Emails can be an addiction too. That is a harder one to monitor, because I do want to stay in touch with family and friends, and in my "taking a break" time it is always to the computer I go, bowl of tea in hand to help or hinder. Now that I have skype it is worse, because I don't turn the computer off very often. It is my telephone, and yes sometimes (not often) it rings. But when I stay up too late, or get up at 3am to check, just in case someone has emailed from a different time zone, that is an unhealthy addiction.

Guilty, and working on it.

Physical fitness is an addiction too. No one would say that that is harmful. But it can be. (Why on earth did I write that? I need to think some more). Yes, if pursuing physical fitness is hiding an obsession with burning calories for image control, it can be an addiction covering a disorder. If it is a way of blocking out things that need to be dealt with, then that, long term, is not healthy. (I have become completely stuck with this line of thinking. Let's leave it there. But enough to say that my chocolate eating addiction has no bearing at all on my fitness routine).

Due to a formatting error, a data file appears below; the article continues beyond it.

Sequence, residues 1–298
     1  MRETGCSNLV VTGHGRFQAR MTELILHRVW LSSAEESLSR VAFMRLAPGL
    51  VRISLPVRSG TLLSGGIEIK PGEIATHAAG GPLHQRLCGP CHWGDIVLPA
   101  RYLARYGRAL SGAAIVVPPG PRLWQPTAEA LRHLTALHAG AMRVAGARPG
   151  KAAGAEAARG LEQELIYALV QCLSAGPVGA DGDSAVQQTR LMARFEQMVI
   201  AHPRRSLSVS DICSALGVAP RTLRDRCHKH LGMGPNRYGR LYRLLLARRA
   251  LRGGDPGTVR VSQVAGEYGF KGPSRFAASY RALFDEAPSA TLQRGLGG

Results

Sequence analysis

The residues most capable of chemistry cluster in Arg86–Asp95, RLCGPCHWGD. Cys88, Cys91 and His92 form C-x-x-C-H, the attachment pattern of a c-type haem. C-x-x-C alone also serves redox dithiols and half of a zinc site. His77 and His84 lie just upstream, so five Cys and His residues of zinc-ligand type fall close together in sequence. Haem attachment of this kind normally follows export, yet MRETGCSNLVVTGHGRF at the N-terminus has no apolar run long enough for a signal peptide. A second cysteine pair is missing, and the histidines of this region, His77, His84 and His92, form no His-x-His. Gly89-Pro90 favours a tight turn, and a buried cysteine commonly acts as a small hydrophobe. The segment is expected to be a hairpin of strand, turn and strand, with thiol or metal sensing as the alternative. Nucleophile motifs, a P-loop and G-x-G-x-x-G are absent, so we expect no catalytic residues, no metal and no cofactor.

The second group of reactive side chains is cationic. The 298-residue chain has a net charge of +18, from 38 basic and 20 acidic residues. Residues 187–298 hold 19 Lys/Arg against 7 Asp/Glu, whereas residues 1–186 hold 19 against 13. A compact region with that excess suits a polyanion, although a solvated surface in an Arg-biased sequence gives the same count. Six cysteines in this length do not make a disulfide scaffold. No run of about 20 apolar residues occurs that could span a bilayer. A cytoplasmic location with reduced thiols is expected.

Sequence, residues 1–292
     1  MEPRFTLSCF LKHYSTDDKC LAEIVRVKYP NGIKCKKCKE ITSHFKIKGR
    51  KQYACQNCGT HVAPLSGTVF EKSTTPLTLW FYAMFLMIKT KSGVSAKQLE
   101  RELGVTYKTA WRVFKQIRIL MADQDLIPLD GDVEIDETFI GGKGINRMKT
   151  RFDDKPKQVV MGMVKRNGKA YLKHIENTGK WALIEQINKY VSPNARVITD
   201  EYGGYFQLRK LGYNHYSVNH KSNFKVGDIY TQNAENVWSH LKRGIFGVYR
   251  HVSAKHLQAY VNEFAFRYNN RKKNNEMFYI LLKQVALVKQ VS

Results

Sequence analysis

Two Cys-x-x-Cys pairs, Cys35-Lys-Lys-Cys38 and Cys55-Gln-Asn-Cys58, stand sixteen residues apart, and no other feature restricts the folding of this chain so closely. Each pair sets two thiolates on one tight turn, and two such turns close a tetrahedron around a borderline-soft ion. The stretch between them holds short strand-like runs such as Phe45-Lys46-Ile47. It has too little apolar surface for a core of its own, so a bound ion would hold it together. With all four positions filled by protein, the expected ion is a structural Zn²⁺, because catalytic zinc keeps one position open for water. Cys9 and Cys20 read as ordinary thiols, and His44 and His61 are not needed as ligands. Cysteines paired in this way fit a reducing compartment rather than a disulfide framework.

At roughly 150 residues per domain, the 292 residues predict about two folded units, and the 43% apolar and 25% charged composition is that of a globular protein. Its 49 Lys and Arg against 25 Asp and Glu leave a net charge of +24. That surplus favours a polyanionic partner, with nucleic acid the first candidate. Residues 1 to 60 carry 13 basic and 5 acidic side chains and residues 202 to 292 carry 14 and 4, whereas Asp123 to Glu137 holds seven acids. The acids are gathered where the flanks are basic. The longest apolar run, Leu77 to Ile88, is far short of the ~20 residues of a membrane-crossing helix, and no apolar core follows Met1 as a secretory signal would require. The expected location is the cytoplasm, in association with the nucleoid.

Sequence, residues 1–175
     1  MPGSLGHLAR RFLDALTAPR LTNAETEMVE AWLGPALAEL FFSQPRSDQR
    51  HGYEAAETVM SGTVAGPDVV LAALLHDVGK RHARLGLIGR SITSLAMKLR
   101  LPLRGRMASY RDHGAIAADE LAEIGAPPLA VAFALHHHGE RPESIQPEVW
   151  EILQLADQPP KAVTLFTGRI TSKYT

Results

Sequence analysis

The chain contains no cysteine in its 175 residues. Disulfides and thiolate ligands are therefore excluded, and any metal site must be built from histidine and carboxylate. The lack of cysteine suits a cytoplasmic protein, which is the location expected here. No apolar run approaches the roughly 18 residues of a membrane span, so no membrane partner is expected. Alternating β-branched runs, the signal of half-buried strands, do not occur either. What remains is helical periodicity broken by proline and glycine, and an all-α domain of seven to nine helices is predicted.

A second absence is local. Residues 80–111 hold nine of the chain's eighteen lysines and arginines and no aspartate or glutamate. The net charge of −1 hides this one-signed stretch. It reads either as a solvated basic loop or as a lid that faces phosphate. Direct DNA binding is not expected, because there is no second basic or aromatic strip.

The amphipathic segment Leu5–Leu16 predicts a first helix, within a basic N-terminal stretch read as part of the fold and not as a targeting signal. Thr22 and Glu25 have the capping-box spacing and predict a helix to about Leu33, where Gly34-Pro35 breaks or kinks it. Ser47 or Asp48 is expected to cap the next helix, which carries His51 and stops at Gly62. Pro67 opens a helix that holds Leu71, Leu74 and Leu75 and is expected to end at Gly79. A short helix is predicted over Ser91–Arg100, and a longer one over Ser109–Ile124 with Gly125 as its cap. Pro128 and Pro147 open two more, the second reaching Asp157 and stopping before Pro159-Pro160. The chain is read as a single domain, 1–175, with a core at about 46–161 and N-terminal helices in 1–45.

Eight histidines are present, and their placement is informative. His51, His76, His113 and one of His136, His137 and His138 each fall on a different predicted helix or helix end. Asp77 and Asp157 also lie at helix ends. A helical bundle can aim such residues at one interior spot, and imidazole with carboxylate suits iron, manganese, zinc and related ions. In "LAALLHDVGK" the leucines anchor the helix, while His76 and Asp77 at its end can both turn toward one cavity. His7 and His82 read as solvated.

Is chocolate another of my addictions? Yes and no. Mostly no. Cocoa is an antidepressant, and that is more likely where my addiction to the lovely stuff started. That feel-good thing. I can go weeks without chocolate, but when the chips are down, chocolate is a girl's best friend. I ate a whole box of Mon Cheri when I had the flu. Happily I can report that the second box is not going down nearly so fast! If chocolate is an addiction for me, then it is a well qualified one. I am very fussy about the particular chocolates I am addicted to!